HOME SCHOOL BOOK REVIEW
Author: Norma Fox Mazer
Cover Illustrator: Michael Deas
Publisher: Harcourt Paperbacks, reissued in 2007
ISBN-13: 978-0688087524 Hardcover
ISBN-10: 0688087523 Hardcover
ISBN-13: 978-0152062774 Paperback
ISBN-10: 0152062777 Paperback
Language level: 3
(1=nothing objectionable; 2=common euphemisms and/or childish slang terms; 3=some cursing or profanity; 4=a lot of cursing or profanity; 5=obscenity and/or vulgarity)
Recommended reading level: Ages 12 and up
Rating: *** 3 stars (FAIR)
Reviewed by Wayne S. Walker
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Mazer, Norma Fox. Babyface (published in 1990 by William Morrow and Company Inc., a division of The Hearst Corporation, 1350 Avenue of the Americas, New York City, NY 10019). Fourteen-year-old Toni Chessmore lives in the small town of Ridgewood with her parents, Harold and Violet, and cat Paws, next door to her best friend Julie Jenson whose parents are Steve and Jerrine and whose younger sister is Heather. Toni has always felt that her life has been lucky with perfect parents and the best friend possible. However, her luck begins to change the summer following her fifteenth birthday. Julie’s parents, who have always fought, talk about separating. Steve goes off on a motorcycle trip to Alaska, and Jerrine takes Julie and Heather to spend the whole summer with Julie’s Aunt Wendy in California. Then Toni’s father suffers a near-fatal heart attack and must go away for rehab, so Toni is sent to New York City to stay with her older sister by fifteen years, Martine, who has always seemed so cold and indifferent.
While Toni is there, Martine reveals a devastating secret about her parents’ past, and Toni, disillusioned, decides that the whole family has been living a lie that began before she was born. What is this shocking secret? How will it affect Toni and her relationship to her parents? And what will she do about it? Several references to smoking occur. Of course, smoking is an important factor in Harold’s heart attack, but Julie also takes it up supposedly in preparation for becoming an actress. Some typical public school boy-girl activities are mentioned, such as being in love and kissing, as Toni and Julie seem to vie for affection from the same boy, L. R. Faberman. There is actually a good story here that illustrates how to deal, or not deal as the case may be, with family skeletons in the closet, and with changes in friendships.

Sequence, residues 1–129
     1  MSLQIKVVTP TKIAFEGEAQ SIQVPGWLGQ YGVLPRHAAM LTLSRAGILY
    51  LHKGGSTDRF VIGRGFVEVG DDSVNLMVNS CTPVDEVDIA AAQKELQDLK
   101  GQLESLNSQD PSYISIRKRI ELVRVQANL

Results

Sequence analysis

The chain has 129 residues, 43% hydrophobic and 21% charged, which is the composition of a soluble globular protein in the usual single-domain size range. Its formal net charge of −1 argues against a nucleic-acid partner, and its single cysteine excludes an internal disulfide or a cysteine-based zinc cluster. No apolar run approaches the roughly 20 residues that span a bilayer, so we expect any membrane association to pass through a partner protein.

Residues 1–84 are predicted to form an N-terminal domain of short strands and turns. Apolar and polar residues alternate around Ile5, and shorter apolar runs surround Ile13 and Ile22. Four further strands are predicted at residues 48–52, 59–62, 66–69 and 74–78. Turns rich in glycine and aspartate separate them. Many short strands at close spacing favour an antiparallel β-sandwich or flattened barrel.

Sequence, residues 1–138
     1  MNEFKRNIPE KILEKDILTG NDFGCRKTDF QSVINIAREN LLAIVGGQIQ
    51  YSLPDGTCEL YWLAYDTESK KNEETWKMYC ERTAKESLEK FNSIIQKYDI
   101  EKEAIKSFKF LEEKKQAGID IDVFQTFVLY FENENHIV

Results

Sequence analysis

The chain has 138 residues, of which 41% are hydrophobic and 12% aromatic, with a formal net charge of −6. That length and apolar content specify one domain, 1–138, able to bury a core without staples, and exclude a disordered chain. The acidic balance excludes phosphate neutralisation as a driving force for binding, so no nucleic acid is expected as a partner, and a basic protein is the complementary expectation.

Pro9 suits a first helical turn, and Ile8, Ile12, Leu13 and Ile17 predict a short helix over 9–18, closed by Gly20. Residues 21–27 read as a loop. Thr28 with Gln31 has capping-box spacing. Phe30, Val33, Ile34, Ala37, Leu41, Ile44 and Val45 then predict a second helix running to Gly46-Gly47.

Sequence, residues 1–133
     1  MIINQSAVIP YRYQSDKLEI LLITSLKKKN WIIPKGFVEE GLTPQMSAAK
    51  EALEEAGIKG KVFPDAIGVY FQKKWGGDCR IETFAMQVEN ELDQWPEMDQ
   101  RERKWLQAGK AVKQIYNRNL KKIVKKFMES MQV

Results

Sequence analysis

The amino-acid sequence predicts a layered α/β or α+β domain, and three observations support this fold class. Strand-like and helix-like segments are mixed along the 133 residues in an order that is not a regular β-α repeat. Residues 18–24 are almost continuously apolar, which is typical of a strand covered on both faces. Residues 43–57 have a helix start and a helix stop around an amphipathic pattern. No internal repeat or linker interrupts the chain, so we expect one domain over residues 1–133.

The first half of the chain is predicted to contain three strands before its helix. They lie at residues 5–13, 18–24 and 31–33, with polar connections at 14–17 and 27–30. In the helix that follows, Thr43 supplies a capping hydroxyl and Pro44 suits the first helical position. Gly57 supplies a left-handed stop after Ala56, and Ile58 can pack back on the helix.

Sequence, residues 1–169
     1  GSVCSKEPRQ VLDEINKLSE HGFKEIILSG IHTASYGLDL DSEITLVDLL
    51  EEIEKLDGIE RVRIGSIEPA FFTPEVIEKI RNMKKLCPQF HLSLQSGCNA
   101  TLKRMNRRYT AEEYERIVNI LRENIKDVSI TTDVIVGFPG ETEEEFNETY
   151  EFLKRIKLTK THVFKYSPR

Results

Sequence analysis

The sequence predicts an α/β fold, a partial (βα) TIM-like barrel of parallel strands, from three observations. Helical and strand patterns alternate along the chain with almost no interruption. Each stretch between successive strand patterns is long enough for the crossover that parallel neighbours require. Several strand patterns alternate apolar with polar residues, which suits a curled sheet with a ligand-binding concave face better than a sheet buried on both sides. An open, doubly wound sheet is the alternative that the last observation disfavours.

However, some parents may want to know that the “h” and “d” words are used somewhat liberally, along with some common childish slang terms for certain bodily functions and other near-vulgarisms. At the same time, when Toni writes Julie about her father’s heart attack, she asks Julie to pray for him. Some might wonder why the secret Toni learned was such a big deal, and readers may tend to be a bit hard on her attitude at first, but anyone can still relate to the resentment which it causes when she realizes that some aspects of her “perfect” life are not what she thought they were. The ending is hopeful, and everything finally works out as Toni deals openly and honestly with her issues so that she can start to accept and forgive. Author Norma Fox Mazer won a Newbery Honor Book award for her After the Rain.